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Update: Purchased! I’m so in love! ❤️ - Thoughts on foal I’m interested in

Hi everyone!

I’m brand new to this forum, and I am not sure if this is the right place to post this, but I am casually looking into getting a 2023 foal, and I was wondering if any of y’all have any input on a little filly I am considering. She is within 1.5 hours of me, and I think she is just darling, but I would also appreciate any feedback that y’all might have about her. My childhood horses are all retired now, and I am interested in bringing a baby along with the goal of showing hunters and equitation, but also the scope and athleticism to do jumpers. I am a sucker for a fancy hunter mover, and this filly’s personality has really stood out to me!

Anyways, here’s the link to her ad [edit]

Thank you for reading my post and for anyone who takes the time to provide feedback! :heart:

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I do not know a ton about that sire, but a few things of note:

The filly is half-Thoroughbred, and it appears that she’s unregistered at the moment. Has the mare been accepted by the Hanoverian book? I am not sure of their process for accepting Thoroughbred mares. Not that it changes the filly’s quality in any way, but it could potentially impact resale value down the line unless you put mega-show miles on her.

I’d find out if the mare is a cribber. Macho Uno, the dam-sire, is notorious for throwing cribbers—like it seems statistically impossible how many of them crib. They are usually very good movers and jumpers, though.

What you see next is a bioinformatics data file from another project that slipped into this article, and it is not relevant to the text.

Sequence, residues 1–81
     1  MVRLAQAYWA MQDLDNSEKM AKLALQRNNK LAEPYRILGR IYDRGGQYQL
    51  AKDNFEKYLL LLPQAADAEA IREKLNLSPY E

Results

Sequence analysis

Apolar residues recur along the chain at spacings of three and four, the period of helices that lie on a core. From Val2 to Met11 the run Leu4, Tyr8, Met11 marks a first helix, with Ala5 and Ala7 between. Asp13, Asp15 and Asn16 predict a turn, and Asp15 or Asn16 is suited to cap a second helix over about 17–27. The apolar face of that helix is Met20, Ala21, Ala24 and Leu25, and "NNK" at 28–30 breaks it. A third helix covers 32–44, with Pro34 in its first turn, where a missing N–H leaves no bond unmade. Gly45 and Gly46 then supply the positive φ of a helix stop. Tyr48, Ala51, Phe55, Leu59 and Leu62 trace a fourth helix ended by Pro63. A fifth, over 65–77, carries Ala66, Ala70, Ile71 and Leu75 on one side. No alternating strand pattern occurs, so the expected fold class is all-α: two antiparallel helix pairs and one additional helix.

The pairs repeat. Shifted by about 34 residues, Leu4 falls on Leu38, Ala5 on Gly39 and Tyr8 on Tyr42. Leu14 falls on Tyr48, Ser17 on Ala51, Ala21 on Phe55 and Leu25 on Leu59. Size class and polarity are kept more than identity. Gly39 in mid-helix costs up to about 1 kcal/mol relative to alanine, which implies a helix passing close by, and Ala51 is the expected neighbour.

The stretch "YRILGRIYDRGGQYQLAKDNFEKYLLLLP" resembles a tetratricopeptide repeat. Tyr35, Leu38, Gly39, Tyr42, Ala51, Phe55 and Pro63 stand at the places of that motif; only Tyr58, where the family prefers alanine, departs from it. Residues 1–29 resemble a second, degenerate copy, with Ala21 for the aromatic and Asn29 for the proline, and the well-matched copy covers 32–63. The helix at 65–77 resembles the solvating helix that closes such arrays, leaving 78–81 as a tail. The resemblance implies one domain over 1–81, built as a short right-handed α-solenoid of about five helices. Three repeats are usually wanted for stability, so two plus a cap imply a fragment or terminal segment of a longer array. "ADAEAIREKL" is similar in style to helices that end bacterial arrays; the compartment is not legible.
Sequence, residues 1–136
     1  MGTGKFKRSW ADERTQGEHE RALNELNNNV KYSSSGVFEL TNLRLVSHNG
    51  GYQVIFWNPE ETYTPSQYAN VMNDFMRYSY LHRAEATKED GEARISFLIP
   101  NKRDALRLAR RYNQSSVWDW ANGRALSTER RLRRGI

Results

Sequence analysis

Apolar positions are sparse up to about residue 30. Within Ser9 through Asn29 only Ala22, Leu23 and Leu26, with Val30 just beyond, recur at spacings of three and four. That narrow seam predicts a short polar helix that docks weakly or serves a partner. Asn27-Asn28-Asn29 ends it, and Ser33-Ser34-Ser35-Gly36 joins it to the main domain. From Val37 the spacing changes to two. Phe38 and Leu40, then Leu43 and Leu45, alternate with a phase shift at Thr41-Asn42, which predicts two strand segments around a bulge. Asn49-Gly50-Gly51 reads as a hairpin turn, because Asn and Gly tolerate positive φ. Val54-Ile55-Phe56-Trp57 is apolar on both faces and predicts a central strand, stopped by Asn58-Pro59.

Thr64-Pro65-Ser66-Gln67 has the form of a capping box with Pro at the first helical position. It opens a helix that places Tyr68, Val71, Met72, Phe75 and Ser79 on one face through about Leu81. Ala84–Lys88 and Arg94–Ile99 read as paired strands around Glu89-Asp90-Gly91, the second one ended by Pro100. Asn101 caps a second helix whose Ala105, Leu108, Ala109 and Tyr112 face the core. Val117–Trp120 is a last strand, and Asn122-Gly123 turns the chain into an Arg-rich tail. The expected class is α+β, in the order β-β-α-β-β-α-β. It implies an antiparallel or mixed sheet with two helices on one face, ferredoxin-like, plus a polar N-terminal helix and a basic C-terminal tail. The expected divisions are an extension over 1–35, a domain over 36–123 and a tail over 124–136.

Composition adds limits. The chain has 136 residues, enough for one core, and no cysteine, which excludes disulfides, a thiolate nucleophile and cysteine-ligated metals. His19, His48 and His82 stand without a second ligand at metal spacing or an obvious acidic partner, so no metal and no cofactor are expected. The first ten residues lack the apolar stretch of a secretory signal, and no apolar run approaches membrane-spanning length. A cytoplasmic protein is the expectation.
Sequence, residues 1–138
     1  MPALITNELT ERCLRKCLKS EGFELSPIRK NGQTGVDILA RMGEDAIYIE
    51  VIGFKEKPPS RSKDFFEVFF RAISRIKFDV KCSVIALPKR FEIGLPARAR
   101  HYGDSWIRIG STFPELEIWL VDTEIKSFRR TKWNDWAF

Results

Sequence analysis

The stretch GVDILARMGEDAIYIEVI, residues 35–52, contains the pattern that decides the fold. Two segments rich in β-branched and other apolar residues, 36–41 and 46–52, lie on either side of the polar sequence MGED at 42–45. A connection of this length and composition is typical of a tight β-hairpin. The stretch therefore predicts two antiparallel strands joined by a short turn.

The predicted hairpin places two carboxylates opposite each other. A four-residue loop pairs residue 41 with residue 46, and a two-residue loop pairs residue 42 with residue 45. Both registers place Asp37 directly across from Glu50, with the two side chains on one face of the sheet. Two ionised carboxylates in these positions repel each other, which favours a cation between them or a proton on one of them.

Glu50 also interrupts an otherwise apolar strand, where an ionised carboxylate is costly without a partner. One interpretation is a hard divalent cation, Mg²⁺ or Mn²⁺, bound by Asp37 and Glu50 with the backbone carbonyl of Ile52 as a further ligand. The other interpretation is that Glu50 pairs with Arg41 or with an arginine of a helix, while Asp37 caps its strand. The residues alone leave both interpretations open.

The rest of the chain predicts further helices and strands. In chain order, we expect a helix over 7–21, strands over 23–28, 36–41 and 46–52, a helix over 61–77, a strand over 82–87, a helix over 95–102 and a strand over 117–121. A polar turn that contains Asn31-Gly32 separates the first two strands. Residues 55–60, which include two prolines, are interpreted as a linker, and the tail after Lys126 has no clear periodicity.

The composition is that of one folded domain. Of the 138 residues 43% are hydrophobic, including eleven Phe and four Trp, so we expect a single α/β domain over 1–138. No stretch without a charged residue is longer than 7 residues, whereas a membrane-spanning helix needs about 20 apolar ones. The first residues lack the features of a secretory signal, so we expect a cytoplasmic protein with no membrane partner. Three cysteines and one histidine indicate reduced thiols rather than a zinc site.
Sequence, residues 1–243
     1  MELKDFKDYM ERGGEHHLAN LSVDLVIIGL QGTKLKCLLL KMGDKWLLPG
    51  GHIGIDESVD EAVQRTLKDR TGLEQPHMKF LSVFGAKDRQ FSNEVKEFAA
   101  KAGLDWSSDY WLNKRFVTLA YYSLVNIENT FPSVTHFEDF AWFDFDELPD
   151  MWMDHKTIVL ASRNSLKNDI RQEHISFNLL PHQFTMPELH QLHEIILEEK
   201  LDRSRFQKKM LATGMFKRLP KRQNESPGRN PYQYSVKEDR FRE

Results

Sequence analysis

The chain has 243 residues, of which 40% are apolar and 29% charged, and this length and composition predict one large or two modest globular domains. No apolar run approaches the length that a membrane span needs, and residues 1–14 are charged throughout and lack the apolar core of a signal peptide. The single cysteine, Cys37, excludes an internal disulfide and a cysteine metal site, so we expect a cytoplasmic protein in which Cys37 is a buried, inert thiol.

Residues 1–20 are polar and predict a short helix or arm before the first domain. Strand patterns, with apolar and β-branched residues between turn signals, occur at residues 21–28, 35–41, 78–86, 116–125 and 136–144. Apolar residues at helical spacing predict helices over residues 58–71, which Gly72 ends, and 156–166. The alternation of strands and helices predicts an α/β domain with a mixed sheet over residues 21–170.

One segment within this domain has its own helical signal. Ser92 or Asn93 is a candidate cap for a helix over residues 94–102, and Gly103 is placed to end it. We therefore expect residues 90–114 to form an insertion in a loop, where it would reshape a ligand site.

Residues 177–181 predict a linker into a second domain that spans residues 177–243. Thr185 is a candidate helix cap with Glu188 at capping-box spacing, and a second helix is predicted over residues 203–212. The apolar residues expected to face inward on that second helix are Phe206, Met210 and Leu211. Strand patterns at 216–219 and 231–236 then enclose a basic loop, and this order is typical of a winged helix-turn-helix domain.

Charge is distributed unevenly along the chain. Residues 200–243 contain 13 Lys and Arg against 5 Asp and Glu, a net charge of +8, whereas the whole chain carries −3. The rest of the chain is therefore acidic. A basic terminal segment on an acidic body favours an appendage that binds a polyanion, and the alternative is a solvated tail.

Finally, I’ve seen more well-bred 2023 babies from more “reputable” breeders with better lines for less money.


No comments on the filly herself, but I have also seen purpose-bred, registered WB babies from proven lines for that price and less. Registry really matters for the fillies, and for resale (even if you never think you’ll sell, it’s valuable to have should something unexpected happen).


Hanoverian requires TB mares to be inspected with a gait score of 7 or better. My understanding is that it’s one of the most challenging registries to get TBs approved for.

Since the ad doesn’t say the dam has been approved for Hanoverian they may be planning to go with a different registry.

Details on the process are here - https://hanoverian.org/thoroughbred-and-arabian-mare-requirements/

OP - Do you care about registry? I agree with the earlier posters who said it would impact resale value for a young horse without a show record. If that doesn’t matter then what has the dam produced? Are there half siblings, etc. that give you a better shot of this filly turning into the horse you want?

I totally get buying a high quality youngster! I bought my mare as a weanling because the “pay as you go” plan worked much better for me and I was okay taking a calculated risk based on bloodlines and half siblings.


I haven’t priced horses in a long time, so no opinion about that. I did breed a few Hanoverians and Oldenburgs back in the early 2000’s.

Brought a TB mare to a Hanoverian inspection where she missed by half a point. The judges comments were: nice neck, for a TB, nice shoulder, for a TB. Her colt, since she missed being approved, got a COP: certificate of pedigree. Since he was going to be a gelding, that was OK by me. I sold him and later saw him advertised for sale as ‘registered’. COP is not really ‘registered’.

I say a that because I saw in her ad it says registered. SO she might just have a certificate of pedigree, which wouldn’t be very useful if you wanted to breed her later on, although she might be approved in another registry. She is cute.


This is fascinating. I didn’t know that cribbing can have a genetic component, or that the habit is tracked in offspring. And I love that you casually know this about the dam-sire.